The FIFA Congress adopted Bhutan as the 204th member of the FIFA family - a small country with a great passion for football.
5 August 2000: a date that Khare Basnet will probably never forget, and one which may well go down in the history of his homeland. This was the day on which Bhutan was adopted as the 204th member of the FIFA family during the 52nd Ordinary Congress in Zurich. "For the people of Bhutan a dream has come true," said Basnet, the general secretary of the Bhutan Football Association. "We are unbelievably happy and proud that we too are now members of the FIFA family."
The Kingdom of Bhutan, little known perhaps but a beautiful and fascinating country, lies between the People's Republic of China and India. It is relatively small with an area of 46,500 km2 and a population of around 700,000. But despite the lack of size the passion for football is enormous; it is by far the most popular sport in this Himalayan state. "My people love football above all else," explained Basnet, who used to play himself, even though when he was a child he sometimes had to overcome real difficulties to get a game. "Often I had to go two hours on foot before I reached the nearest football pitch," he reminisced. No surprise; in this mountainous country, where the highest peak is over 7000 meters, transport is not readily available and getting from one place to another can be a long and difficult process.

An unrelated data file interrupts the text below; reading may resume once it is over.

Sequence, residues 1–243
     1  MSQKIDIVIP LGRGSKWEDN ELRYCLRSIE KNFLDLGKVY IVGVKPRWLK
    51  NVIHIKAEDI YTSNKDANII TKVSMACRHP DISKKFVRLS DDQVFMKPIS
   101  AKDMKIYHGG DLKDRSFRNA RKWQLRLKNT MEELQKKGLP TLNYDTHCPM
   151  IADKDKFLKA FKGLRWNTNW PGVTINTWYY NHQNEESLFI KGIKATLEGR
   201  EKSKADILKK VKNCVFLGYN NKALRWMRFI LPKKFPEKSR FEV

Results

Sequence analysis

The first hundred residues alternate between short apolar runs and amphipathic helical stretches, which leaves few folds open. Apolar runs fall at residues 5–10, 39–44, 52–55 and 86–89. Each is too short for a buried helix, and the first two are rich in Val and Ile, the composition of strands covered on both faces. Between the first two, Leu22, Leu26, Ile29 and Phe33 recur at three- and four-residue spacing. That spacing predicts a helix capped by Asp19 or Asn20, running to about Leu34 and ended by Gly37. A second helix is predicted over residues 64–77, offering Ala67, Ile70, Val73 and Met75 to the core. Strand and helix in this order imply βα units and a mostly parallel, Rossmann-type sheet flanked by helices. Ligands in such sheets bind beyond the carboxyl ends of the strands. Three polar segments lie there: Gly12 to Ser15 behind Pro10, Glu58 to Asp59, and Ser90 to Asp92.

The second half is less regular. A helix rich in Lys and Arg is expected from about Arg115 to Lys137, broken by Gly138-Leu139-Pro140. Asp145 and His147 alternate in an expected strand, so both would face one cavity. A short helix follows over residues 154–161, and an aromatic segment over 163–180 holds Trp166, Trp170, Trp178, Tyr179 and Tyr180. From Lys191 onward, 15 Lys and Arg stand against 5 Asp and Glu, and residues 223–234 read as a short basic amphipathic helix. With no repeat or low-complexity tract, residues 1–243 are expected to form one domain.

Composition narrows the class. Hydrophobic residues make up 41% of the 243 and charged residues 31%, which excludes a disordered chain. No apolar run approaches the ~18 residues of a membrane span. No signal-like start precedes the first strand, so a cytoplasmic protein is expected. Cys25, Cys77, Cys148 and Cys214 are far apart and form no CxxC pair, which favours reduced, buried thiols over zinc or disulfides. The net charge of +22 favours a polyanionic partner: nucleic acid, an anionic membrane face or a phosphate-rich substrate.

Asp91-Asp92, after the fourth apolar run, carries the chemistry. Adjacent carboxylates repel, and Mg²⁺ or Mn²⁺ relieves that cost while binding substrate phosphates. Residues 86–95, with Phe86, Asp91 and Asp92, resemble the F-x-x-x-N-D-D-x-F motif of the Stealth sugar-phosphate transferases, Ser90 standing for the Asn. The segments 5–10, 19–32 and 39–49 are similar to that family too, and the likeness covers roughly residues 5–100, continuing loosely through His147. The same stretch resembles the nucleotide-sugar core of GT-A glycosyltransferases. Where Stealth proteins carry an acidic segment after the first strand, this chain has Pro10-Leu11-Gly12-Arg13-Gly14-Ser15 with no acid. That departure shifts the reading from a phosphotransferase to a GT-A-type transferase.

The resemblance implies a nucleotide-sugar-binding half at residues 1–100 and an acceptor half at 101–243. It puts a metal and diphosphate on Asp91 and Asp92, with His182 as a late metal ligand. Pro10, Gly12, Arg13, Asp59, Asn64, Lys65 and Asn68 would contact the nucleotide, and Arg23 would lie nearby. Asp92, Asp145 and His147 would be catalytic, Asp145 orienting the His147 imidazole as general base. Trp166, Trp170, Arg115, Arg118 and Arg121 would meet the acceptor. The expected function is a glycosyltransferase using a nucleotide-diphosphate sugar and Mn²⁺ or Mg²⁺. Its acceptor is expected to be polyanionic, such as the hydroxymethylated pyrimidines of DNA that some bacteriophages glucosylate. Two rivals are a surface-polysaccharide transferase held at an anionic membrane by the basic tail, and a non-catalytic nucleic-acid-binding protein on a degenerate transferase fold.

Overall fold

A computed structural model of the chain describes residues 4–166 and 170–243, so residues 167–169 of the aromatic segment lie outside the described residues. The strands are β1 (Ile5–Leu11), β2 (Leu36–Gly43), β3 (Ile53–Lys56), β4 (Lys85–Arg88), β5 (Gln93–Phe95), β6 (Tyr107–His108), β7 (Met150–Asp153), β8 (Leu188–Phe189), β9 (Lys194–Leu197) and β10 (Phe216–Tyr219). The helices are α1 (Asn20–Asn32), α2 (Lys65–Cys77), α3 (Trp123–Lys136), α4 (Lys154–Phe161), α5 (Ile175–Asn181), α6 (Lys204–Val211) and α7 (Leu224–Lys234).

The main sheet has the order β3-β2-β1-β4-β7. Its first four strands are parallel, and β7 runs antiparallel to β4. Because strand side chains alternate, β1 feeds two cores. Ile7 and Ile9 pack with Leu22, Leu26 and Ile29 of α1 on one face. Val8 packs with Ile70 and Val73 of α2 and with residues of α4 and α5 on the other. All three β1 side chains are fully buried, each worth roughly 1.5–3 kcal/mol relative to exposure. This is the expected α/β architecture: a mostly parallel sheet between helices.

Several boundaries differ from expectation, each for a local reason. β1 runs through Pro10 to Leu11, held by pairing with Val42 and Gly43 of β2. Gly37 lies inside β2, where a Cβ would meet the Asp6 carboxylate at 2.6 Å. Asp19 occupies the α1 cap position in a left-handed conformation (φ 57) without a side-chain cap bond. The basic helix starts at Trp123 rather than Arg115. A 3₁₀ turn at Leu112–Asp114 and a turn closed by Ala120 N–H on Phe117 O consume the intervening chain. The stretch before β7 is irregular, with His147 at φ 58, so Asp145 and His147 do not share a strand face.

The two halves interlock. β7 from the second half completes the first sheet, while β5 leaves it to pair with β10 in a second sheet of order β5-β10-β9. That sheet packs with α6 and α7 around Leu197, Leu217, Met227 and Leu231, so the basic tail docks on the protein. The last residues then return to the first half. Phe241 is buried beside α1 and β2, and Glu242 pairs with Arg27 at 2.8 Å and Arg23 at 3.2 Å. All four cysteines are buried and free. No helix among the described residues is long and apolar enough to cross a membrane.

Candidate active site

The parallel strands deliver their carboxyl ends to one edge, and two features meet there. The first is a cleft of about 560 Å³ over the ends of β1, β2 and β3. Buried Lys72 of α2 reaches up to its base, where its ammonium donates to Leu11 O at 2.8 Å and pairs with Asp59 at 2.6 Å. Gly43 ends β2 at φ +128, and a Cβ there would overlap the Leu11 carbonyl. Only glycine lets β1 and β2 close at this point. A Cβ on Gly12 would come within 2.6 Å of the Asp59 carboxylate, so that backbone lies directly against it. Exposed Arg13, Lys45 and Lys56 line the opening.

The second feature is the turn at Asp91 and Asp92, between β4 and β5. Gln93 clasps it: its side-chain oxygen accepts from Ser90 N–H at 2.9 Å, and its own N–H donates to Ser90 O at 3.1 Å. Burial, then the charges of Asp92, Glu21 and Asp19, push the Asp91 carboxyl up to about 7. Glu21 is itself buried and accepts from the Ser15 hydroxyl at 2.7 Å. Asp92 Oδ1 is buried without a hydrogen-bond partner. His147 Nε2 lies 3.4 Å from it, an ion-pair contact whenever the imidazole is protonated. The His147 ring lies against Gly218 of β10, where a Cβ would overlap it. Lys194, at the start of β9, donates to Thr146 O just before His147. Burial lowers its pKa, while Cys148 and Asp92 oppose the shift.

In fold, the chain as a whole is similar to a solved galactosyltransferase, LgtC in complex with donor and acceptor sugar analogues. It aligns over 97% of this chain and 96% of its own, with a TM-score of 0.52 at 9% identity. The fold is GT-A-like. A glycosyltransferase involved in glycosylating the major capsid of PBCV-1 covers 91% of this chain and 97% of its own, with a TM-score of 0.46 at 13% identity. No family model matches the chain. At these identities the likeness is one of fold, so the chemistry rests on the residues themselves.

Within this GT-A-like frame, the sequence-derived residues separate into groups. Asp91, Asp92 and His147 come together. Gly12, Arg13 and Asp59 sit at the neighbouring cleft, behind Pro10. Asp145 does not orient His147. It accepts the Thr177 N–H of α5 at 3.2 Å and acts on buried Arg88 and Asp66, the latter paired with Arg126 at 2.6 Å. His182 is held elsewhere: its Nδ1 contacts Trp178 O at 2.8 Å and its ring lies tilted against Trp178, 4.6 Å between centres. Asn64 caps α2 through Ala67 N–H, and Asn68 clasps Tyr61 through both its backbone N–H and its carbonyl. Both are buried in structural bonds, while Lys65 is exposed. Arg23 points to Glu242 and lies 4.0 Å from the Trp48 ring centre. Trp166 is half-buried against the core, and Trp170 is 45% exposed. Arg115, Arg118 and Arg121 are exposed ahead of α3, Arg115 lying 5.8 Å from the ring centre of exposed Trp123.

But such handicaps do not diminish the people's love for football. There are about 900 amateur players, with about 1500 juniors under 15, 500 under 17 and 200 under 20. There are also 250 licensed women players. Yet while Bhutan has had its own football association since 1974 and been a member of the Asian confederation (AFC) since 1994, the country does not yet have any professional players.
The 80 teams in the country are divided into three divisions: in Division A there are 12 teams, in Division B 20 and in Division C 48. There are 32 referees to take charge of the matches.
The various national teams have managed to gather some international experience. For example the U-19s took part in the Asian junior qualifiers in 1998 and this year the A team was in the qualifying round for the next Asia Cup.
Even more football
The people of Bhutan are a helpful and hospitable race and their enthusiasm for football was demonstrated very clearly last July. When the teams of the Thimphu Football Club and the Police Football Club met for a match in the top division there were 15,000 spectators - an incredible turnout if you consider that Thimphu has a population of only 30,000.
In the near future this little town, where the Bhutan Football Association has its headquarters, employing four full-time staff, there are plans under way to construct a new, modern stadium with a capacity of 25,000. Not only is the government providing support for this project, but the Royal Family too - they are also keen fans.
The status of football in Bhutan looks to be on the rise, and this trend is certainly aided by the government. They have plans to develop the game more in schools so that more children and young people will have the opportunity to play in their leisure time.
That is Bhutan - a small country with a big footballing heart.